Philanthropy Impact

Inspiring philanthropy and social investment across borders, sectors and causes

Human Rights: What Opportunities for Philanthropists?

Investing in human rights causes is a risky endeavour, what do we need to do to push it to the top of the agenda?

Human Rights: What Opportunities for Philanthropists?

Event report
On 29 June 2015, Philanthropy Impact, in collaboration with Mansfield College, University of Oxford, organised an event entitled “Human Rights: What Opportunities for Philanthropists?”. The event provided a valuable primer into giving for human rights projects and organisations and was well attended by philanthropists, philanthropy advisers, and human rights organisations. The issue of human rights is still struggling to appear on the radar of many lawyers and HNW individuals. The discussion was lead by experts in the human rights field: 
  • Baroness Helena Kennedy QC, public personality, chair of many human rights organisations as well as having lead the fundraising efforts for Oxford University’s proposed Institute of Human Rights; 
  • Mark Stephens CBE, leading media lawyer and trustee of Internews;
  • Karen Tse, CEO and Founder of International Bridges for Justice which works globally to guarantee all citizens the right to competent legal representation, the right to be protected from cruel and unusual punishment, and the right to a fair trial; and
  • Professor Stephen Hopgood, author of ‘The Endtimes of Human Rights’.  
The panel was ably moderated by Esther Hughes of Global Dialogue and was graciously hosted by Allen & Overy LLP.
 
An array of issues and topics were discussed by the panellists and stimulating discussion was had. The event started by outlining what we are talking about when we mean human rights, and the rights that we believe are the most important. There was vigorous debate on the current state of human rights, and whether there is cause for hope or scepticism. The panel examined serious and timely questions, for example: Should philanthropic projects focus on utilitarian aims that have the greatest impact to the greatest number, or more resource intensive human rights concerns (for example, freeing political prisoners), but which may have indirect impact on later issues? To attract philanthropic giving, should organisations focus on quantifying the impact, or the morality of their work?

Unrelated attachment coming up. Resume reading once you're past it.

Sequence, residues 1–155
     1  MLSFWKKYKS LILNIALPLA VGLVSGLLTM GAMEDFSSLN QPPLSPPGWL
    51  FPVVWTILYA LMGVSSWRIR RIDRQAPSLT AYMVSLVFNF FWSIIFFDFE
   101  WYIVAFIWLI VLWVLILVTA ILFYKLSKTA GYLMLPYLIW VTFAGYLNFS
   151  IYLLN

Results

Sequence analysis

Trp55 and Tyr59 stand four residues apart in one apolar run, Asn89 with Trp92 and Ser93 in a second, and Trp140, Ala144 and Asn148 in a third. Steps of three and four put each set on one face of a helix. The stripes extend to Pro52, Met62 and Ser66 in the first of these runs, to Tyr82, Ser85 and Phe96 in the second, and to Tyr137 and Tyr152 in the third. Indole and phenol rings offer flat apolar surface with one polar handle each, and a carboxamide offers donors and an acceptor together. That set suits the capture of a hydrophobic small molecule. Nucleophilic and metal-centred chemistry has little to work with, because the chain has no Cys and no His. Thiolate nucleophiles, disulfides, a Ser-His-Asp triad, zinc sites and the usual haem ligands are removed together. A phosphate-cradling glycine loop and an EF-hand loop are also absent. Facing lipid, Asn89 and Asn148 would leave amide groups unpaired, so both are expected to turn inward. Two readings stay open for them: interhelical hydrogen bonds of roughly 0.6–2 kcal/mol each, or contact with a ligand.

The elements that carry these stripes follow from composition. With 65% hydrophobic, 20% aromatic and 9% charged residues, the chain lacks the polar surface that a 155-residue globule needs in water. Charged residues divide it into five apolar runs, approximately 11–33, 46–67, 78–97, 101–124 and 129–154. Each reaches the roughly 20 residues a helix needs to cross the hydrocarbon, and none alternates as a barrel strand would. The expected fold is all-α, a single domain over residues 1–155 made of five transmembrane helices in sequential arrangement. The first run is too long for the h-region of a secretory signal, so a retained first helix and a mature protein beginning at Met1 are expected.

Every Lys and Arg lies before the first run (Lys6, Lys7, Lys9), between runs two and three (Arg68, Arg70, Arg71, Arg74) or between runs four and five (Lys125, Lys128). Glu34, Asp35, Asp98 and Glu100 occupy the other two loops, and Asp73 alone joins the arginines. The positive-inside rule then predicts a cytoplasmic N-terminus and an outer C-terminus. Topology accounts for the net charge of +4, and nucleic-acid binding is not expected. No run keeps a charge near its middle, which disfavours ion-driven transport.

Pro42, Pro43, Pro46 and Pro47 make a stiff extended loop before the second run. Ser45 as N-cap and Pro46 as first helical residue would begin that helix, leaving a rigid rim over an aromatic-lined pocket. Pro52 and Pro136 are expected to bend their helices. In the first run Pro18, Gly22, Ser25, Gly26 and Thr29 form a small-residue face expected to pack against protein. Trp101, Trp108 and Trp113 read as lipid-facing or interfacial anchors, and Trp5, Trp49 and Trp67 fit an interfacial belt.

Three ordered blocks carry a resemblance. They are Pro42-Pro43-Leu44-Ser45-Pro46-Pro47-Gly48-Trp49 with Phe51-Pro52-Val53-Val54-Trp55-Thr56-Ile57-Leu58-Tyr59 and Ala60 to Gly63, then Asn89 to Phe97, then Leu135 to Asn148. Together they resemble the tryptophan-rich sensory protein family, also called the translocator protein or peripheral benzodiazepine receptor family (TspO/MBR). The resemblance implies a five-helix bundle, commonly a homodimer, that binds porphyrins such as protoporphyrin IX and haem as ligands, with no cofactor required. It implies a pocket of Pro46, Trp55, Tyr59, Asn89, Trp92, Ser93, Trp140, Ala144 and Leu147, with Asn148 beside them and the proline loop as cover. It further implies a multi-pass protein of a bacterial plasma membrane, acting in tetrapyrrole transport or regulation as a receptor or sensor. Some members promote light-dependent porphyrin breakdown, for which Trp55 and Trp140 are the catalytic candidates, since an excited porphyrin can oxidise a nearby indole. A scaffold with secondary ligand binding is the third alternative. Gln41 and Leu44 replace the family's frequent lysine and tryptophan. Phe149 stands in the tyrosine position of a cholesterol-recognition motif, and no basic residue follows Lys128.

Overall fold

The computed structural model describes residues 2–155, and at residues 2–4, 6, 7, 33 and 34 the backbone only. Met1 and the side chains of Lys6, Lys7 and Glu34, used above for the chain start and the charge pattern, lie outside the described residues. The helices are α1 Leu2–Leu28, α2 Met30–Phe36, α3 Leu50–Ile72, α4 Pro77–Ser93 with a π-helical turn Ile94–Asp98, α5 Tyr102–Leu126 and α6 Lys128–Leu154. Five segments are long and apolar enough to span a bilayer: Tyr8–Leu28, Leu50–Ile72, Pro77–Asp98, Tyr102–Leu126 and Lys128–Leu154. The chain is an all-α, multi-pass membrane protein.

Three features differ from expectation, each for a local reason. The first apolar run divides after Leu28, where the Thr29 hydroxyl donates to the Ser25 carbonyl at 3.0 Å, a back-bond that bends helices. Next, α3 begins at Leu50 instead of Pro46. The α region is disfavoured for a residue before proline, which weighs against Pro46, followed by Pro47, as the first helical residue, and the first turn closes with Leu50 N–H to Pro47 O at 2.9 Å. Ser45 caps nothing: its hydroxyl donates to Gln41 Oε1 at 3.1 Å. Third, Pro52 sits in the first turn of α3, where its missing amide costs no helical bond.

Panellists gave their stories on human rights giving – from Helena Kennedy’s early forays of needing urgent funding for pro bono civil liberties cases, to Karen Tse’s now global network of training programmes for human rights and civil liberties defenders.
 
Unanimously agreed between the panel was the need to focus on a partnership model of philanthropic giving: to find an organisation with expertise in specific areas, contacts on the ground, and the capacity to deliver clear, effective and measurable outcomes, and working with them to meet philanthropic goals. This focus on new models of delivering impact and outcomes is one of the future directions of research in human rights. The event raised other exciting and cross-cutting human rights issues, for example, how does the right such as freedom of expression enable other important civil and political rights? 
 
The event gave us pause to think of areas ripe for philanthropic investment: the intersection between business or the environment and human rights, or the balance between security and human rights in surveillance and data-gathering. It also forced us to consider where money is best spent – with global organisations or with grass-roots initiatives.
 
The link between philanthropy and human rights is a relatively new one, and the speakers ably demystified the field for philanthropists and wealth advisers alike. Its success was in no small part due to the experience of our speakers and moderators, and them generously giving up their time.
 
 
Toby Collis is a Researcher at Mansfield College, University of Oxford